I’m a day late again! Here is this week’s query that worked and the last one in the queue. If you’d like to see more queries that worked please let agented/published authors know about this series so that I can post more queries!
Today I’m pleased to welcome Michelle Hauck to Off the Page, sharing the query that landed her an agent.
Just a quick reminder about this feature…
- All these featured queries worked! Meaning they snagged the attention of an agent or editor. These books are now represented or published, or both.
- These queries are not perfect. They don’t have to be. This is to show aspiring authors the kind of query that works despite imperfections.
- These authors aren’t looking for critique on their queries since these books are already represented or published, but have kindly agreed to allow me to showcase these queries to help other authors currently playing the query game.
You are of course welcome to comment on all the queries!
Michelle Hauck lives in the bustling metropolis of northern Indiana with her hubby and two teenagers. Two papillons help balance out the teenage drama. Besides working with special needs children by day, she writes all sorts of fantasy, giving her imagination free range. A book worm, she passes up the darker vices in favor of chocolate and looks for any excuse to reward herself. Bio finished? Time for a sweet snack.
She is a co-host of the yearly contest Query Kombat. Her epic fantasy, Kindar’s Cure, was published by Divertir Publishing. Her short story, Frost and Fog, was published by The Elephant’s Bookshelf Press in their anthology, Summer’s Double Edge. She’s represented by Sarah Negovetich of Corvisiero Literary.
Facebook: Michelle Hauck, Author
Goodreads: Kindar’s Cure
And now for the query…
Dear Agent:Thanks so much for volunteering to join my Agent Greeting contest. I’m looking forward to it on August 5th. I saw on Writer’s Digest that you were looking for middle grade and decided to send you my query in hopes you will find it interesting.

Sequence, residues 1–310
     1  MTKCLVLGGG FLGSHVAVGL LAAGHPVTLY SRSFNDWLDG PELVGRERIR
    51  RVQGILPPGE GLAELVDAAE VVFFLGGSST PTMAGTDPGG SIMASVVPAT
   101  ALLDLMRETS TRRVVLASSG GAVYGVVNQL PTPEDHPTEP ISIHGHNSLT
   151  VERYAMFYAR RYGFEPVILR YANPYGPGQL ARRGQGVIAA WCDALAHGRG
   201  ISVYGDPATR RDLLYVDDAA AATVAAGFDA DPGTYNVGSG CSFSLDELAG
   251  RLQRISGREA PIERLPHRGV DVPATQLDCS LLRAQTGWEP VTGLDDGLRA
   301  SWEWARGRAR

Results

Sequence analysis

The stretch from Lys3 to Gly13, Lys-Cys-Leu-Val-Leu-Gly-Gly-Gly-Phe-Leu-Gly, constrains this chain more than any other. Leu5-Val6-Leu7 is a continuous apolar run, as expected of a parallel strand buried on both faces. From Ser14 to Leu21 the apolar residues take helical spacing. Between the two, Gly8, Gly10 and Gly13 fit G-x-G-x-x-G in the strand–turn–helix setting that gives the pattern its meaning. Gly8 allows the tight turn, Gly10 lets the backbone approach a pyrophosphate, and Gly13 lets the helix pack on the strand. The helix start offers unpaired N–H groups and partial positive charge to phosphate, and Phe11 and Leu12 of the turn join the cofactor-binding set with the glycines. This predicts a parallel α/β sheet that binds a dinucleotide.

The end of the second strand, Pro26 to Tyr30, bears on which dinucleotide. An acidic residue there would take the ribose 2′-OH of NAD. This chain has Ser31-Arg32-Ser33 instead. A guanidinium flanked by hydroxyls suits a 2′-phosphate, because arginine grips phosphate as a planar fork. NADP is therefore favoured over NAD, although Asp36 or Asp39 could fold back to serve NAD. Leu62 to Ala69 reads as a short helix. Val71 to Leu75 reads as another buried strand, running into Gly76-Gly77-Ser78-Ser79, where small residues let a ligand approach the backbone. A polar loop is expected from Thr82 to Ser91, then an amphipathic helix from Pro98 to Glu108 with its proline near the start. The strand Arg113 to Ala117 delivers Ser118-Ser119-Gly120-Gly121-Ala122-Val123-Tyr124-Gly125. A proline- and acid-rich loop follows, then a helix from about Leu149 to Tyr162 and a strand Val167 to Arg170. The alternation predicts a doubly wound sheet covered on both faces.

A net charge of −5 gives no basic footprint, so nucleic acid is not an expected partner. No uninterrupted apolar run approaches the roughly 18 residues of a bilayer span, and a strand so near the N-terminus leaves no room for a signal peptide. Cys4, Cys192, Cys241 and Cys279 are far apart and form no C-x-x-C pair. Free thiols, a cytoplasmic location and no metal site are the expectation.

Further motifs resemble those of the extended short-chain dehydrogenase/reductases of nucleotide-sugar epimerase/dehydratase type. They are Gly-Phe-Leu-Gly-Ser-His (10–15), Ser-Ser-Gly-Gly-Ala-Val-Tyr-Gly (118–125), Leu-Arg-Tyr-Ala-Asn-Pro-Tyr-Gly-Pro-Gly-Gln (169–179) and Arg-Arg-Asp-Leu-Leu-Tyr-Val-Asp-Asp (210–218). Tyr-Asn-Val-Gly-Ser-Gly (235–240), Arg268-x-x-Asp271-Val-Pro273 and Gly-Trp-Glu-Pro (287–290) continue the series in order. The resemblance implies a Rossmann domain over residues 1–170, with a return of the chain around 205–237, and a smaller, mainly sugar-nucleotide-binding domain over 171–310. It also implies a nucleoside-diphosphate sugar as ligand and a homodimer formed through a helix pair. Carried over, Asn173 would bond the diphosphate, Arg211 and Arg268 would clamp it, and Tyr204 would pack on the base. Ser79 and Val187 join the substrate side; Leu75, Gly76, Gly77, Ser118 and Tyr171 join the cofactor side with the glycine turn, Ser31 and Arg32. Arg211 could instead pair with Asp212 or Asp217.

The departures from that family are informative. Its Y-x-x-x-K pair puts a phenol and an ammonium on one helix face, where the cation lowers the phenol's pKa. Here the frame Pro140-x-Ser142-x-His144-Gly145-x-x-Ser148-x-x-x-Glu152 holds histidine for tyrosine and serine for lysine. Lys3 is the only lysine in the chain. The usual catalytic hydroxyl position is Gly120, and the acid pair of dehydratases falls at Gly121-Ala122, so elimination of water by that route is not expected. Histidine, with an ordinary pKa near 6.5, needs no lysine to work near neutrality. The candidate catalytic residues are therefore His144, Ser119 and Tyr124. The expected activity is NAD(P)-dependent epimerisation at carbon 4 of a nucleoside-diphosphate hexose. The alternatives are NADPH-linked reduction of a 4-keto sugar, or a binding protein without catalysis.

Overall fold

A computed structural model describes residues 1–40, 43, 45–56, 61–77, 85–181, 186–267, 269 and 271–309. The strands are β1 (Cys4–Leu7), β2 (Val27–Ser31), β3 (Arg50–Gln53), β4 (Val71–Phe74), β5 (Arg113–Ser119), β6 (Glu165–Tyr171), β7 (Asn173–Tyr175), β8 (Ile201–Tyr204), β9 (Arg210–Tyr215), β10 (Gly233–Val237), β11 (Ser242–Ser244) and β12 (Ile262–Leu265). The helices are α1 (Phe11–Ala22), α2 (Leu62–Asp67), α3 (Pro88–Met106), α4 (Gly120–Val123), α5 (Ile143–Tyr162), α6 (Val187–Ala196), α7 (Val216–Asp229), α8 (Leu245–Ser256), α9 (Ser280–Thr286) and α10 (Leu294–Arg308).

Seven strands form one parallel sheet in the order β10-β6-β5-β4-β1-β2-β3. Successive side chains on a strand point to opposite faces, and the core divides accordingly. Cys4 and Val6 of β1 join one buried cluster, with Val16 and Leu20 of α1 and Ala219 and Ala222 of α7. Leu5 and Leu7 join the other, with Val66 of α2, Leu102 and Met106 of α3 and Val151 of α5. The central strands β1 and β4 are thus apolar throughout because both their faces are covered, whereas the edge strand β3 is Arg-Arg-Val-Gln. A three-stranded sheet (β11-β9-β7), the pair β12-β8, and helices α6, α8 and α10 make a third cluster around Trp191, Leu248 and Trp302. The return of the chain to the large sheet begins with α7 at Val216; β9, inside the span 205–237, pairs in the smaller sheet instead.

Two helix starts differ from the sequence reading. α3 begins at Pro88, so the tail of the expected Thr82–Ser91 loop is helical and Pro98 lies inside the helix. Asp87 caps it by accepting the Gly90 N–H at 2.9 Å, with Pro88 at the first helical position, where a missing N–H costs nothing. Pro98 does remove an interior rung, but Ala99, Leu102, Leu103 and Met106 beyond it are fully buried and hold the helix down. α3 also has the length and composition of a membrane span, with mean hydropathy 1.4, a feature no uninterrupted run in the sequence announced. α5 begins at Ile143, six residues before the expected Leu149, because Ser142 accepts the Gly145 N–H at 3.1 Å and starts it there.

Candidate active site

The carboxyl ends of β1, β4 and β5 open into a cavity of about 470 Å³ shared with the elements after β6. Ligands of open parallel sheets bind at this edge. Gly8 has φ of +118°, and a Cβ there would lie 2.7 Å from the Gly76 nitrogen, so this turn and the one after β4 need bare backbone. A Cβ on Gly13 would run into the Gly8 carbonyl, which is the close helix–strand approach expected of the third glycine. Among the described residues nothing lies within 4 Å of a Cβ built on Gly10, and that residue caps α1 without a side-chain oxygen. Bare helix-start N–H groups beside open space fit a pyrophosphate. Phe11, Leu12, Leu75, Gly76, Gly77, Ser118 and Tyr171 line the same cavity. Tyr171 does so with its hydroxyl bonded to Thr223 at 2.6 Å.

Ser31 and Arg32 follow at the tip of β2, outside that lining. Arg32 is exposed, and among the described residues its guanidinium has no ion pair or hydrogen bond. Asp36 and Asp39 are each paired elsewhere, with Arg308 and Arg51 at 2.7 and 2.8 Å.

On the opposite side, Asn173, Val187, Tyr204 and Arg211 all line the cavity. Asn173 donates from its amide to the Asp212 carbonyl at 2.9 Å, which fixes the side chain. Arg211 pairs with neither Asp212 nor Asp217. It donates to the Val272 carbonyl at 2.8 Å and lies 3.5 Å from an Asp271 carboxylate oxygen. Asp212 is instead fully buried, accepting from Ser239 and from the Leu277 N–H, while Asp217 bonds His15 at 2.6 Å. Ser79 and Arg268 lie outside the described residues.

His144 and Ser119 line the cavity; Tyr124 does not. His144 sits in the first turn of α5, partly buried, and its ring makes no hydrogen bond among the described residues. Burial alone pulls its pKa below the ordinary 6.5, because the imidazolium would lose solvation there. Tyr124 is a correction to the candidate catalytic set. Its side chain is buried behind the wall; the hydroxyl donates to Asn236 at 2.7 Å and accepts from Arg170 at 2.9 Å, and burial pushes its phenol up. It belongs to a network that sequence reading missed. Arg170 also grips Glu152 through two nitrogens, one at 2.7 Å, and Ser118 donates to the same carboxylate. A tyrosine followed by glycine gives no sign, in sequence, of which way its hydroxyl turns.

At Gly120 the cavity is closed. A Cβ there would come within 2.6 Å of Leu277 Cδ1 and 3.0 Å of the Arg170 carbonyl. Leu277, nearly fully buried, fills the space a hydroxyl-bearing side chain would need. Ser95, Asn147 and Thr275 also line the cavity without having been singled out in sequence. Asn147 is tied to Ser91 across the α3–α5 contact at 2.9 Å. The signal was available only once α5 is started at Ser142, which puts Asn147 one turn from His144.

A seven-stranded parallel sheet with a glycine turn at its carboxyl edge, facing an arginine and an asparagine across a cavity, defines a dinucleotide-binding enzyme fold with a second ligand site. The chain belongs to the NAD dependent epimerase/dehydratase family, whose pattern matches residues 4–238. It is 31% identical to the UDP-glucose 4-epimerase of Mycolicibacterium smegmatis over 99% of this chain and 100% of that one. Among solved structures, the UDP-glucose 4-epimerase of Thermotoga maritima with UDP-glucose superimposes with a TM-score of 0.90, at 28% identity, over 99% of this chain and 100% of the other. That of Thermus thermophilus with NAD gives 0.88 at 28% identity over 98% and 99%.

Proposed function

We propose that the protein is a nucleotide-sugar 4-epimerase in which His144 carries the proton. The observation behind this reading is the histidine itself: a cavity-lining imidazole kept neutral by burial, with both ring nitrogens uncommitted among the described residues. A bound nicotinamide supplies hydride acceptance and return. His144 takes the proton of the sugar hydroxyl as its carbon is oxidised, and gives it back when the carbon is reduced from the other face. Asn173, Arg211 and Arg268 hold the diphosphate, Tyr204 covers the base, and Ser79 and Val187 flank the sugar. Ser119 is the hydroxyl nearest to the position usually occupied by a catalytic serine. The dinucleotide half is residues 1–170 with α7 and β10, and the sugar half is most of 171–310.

Tom, the classroom hamster, wants to escape from the h-e-double-hockey-sticks otherwise known as school. His military training at the pet shop didn’t include playing house or being sentenced to a boot camp of never-ending Show ‘n Tell, math facts rap, and story time. But he’s learned a lot behind the bars of his cage. For example, if you want to keep breathing, never trust a pygmy who has earned the nickname Squeezer. Somehow he has to get away before the pygmies dress him as Strawberry Shortcake again—or worse.When a “subspatoot” teacher fills in, Tom sees his chance to put Operation Escape the Pygmies into action. He makes a run for the border, hamster style. Bad news. The principal says a rodent on the loose is a distraction to learning and better off flushed. The way out is turned into a battlefield of snapping mousetraps, sticky snares, and poisoned pellets.Tom seems doomed until the friendless Squeezer lends an over-excited hand. She quickly goes from supervillain to super sidekick. Now, the greatest obstacle to his freedom may be Tom’s soft spot for this lonely pygmy.A cross between Toy Story, Monsters Inc., and those cute AT&T kid commercials, PYGMY HAZARDS is a MG fantasy complete at 34,000 words. My epic fantasy, Kindar’s Cure, was recently released by Divertir Publishing. My short story, Frost and Fog, was published by The Elephant’s Bookshelf for their summer anthology, Summer’s Double Edge. I’ve worked at an elementary school as a special needs assistant for over ten years, giving me lots of experience with pygmies.Thanks for your consideration.A quote from Sarah: Michelle’s query ticked off all the right boxes. She personalized it with more than just “I know you represent X, so here’s my manuscript”. She kept it concise, but got all the important details in there. By the time I finished her query, I knew who the main character was, what his goal was, what stood in the way, and what’s at stake if he failed. And for the win, Michelle worked the voice of her novel into the query. Even though the query was in third person (as it should be) I could imagine her main character writing it. This was a great query, followed by an outstanding manuscript.
So what do you think?